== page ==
But as this disease takes its toll, the garden has as well. You can measure the stage of the disease through the garden's success.

Time was the first challenge. Peter wanted to plant too early. And of course the frost won. The following year's plants would be growing only to be weeded out. This year the garden, despite the help of caregivers, is just weeds. Chives thrive in a tangled mess, but tomatoes that once grew 50 pounds from 6 plants were a rare jewel. Squash rot on the blossom, cucumber growth is stunted, and peppers have gone. Marigolds grow on the edges as does the mint.

In this tangle of weeds where the bright red cherry tomatoes pop through when least expected, I see what is the Alzheimer's brain. A tangle of weeds, with rare moments of clarity as bright as a ripe tomato. This year we will visit the farm stands to enjoy fresh vegetables. Next year our gardens will be wild flowers. And I will weep for what was.

You can make a donation toward research and a cure by visiting www.alz.org.




If you enjoy my blog and would like to follow me on Facebook, I can be found at The Reluctant Survivor. And on Twitter @relucsurvivor.

Sunday, August 17, 2014

Amyotrophic Lateral Sclerosis

Amyotrophic lateral sclerosis. Do you know that that is?

Robin Williams and the Ice Bucket Challenge are the two things that have been trending on my social media this week. I thought about writing separately about these topics, but I don’t know which one to pick first. So I thought I’d write about both.

I do not have a tribute to Robin Williams. I am deeply sadden by his death. When my husband said, “Did you hear about Robin Williams? He’s dead,” on Monday night I hesitated before asking how. When he said it was an apparent suicide I paused before saying, “That’s not surprising.” I had truly been wishing that he would say “heart attack” because, let’s face it, suicide carries with it the stigma of mental illness.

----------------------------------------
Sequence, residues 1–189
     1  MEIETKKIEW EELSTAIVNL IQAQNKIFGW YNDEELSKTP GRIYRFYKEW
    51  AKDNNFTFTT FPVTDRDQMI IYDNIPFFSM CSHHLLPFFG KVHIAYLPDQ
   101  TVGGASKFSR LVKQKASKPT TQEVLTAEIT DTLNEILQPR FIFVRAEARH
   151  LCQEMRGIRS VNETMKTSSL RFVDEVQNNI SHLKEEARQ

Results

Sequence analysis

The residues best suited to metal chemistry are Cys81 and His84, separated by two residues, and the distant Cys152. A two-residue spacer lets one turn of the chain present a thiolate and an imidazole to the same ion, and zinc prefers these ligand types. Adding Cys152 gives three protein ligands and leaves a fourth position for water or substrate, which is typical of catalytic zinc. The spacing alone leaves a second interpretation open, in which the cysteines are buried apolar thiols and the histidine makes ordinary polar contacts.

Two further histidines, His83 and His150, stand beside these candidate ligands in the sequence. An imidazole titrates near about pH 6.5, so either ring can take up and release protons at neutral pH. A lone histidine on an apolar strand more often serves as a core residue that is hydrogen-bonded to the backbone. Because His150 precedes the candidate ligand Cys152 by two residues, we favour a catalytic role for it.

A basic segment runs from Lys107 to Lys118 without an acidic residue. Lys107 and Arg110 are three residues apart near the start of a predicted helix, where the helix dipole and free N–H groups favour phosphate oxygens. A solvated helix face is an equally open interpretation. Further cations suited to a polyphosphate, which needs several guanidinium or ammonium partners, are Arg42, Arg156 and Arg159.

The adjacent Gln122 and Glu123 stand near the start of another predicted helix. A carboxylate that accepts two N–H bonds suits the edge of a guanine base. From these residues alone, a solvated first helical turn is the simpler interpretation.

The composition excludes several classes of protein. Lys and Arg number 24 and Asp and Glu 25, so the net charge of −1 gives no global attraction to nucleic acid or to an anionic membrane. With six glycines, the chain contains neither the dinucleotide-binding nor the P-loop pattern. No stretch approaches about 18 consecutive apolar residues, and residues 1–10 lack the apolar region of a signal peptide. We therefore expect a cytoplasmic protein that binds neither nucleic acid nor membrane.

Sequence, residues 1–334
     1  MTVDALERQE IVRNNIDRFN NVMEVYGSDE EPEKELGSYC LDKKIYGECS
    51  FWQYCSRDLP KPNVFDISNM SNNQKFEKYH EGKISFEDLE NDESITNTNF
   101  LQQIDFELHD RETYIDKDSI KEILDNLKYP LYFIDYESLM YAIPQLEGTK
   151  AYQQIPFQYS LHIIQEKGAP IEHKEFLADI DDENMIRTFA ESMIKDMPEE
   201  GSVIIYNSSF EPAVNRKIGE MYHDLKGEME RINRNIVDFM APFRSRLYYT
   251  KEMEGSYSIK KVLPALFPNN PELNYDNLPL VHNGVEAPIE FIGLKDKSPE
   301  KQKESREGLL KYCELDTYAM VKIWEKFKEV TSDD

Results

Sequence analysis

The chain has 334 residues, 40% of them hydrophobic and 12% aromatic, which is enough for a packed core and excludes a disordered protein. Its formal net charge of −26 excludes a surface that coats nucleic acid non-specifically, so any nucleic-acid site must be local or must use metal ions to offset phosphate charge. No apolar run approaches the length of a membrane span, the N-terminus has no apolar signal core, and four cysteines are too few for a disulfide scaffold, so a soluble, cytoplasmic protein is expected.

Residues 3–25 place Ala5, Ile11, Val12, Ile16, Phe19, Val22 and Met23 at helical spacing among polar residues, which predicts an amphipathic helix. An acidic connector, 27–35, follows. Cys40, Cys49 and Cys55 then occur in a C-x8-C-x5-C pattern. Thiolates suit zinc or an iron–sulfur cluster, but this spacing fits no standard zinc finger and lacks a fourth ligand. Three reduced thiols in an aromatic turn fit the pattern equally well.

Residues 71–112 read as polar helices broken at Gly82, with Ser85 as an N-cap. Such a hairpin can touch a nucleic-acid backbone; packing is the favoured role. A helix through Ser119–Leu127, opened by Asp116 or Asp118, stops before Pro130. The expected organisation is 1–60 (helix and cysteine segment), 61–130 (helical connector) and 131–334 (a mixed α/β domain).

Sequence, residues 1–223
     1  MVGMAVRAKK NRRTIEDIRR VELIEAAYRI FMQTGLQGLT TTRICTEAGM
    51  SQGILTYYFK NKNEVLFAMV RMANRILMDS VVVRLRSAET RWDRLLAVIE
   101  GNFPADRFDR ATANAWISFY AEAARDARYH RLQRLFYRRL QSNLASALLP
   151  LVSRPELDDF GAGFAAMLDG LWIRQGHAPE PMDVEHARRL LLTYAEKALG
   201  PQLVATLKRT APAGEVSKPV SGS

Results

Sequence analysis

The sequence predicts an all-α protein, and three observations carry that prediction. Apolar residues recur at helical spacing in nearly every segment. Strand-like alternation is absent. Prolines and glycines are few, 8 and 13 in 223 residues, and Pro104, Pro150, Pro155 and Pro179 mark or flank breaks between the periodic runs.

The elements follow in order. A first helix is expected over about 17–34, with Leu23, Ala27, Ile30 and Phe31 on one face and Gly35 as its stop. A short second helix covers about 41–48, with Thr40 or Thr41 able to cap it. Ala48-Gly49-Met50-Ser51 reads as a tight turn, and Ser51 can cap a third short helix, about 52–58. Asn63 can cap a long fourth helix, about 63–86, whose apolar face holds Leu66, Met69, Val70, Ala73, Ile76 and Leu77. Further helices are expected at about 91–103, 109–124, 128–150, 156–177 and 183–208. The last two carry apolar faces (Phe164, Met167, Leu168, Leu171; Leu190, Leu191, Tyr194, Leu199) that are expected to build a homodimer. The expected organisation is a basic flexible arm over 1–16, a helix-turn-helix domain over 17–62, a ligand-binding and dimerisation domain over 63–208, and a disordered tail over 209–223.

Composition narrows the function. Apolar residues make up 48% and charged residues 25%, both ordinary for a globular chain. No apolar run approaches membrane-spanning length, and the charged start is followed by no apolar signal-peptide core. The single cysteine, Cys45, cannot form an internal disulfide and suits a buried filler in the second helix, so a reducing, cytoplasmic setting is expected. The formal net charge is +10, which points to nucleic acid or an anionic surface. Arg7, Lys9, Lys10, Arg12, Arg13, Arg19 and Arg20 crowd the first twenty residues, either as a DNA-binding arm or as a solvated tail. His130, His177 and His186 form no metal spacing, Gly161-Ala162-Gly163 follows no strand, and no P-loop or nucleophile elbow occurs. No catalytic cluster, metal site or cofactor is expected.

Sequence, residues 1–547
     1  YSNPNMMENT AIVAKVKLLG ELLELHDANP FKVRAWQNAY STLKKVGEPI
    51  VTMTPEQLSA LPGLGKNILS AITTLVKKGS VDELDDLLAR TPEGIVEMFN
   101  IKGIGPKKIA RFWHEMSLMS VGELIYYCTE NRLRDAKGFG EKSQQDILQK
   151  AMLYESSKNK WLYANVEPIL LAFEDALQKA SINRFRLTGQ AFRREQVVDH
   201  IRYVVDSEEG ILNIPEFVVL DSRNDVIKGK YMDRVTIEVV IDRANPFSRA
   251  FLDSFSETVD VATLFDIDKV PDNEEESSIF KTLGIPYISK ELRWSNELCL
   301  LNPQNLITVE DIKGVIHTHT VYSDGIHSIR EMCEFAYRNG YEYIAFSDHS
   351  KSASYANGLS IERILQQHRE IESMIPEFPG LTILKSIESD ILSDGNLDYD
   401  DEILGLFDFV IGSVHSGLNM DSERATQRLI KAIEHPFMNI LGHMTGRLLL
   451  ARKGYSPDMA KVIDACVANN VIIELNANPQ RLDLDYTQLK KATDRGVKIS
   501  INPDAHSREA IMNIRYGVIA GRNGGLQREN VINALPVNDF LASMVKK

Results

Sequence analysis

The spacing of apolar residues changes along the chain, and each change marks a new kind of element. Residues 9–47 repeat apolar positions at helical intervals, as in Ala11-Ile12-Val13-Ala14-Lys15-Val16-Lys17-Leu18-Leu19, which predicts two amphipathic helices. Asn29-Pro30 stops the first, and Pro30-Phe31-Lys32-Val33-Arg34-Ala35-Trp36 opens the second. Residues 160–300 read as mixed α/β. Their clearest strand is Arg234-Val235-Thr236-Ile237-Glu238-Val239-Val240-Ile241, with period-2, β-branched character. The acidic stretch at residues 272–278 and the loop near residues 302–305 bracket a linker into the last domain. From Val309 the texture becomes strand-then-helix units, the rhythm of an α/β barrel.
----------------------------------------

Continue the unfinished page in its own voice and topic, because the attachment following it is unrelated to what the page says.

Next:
As the details of Mr. Williams’s death and medical condition come to light I am struck by the reality that mental illness is nothing more than a disease of the brain. When I say “nothing more” I do not mean to trivialize the severity of such a disease. Like cancer, it is serious. Apparently Mr. Williams had recently been diagnosed with Parkinson’s disease. One of the symptoms of Parkinson’s is depression. I say symptoms because it is not just a side effect. Think about it: Parkinson’s is a disease of the brain. So is depression. Again, it’s not surprising.

I personally know two people who are being treated for Parkinson’s and depression is very real. There are medications to counteract the depression, but often the depressed person does not even realize they are depressed. It is a vicious cycle and it is important that loved ones and medical professionals recognize it. I’m not a huge fan of big pharma, but in this case, please, take the medication.

Amyotrophic lateral sclerosis is commonly referred to as ALS, and known as Lou Gehrig’s disease. The Ice Bucket Challenge is supposed to “bring awareness” to the disease. It is actually more than that. If you accept the challenge you have to make a small donation to ALS research and dump a bucket of ice water over your head (no thank you). If you refuse the ice bucket you have to donate at least $100. I first learned of this challenge several months ago when my friend Joann posted a video of herself on FaceBook. The challenge has since become the summer past time here in New England.